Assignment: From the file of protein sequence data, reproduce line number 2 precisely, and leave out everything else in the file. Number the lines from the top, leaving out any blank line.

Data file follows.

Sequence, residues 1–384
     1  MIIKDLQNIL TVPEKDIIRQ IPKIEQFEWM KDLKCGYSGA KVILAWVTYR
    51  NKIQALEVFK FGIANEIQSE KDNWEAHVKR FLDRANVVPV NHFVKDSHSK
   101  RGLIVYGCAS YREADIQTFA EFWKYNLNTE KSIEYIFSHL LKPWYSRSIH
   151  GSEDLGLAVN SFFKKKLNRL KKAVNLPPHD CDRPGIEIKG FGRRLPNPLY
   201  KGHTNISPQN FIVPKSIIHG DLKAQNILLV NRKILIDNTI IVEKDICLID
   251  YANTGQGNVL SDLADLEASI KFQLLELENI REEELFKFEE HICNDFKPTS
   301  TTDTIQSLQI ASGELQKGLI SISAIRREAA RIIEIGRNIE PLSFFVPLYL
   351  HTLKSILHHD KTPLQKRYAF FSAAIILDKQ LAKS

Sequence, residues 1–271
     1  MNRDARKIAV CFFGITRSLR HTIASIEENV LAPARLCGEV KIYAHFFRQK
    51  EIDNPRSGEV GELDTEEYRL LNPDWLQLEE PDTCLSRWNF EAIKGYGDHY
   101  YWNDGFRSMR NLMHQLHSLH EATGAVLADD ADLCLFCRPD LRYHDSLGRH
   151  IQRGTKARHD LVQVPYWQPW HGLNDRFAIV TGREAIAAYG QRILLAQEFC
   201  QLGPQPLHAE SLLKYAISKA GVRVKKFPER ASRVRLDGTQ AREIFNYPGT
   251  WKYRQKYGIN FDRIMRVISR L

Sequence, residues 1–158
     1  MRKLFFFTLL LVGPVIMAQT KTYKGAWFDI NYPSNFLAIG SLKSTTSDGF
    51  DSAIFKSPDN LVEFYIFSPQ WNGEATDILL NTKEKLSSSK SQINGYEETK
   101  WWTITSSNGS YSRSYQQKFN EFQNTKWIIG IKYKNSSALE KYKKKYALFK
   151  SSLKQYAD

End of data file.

     1  MIIKDLQNIL TVPEKDIIRQ IPKIEQFEWM KDLKCGYSGA KVILAWVTYR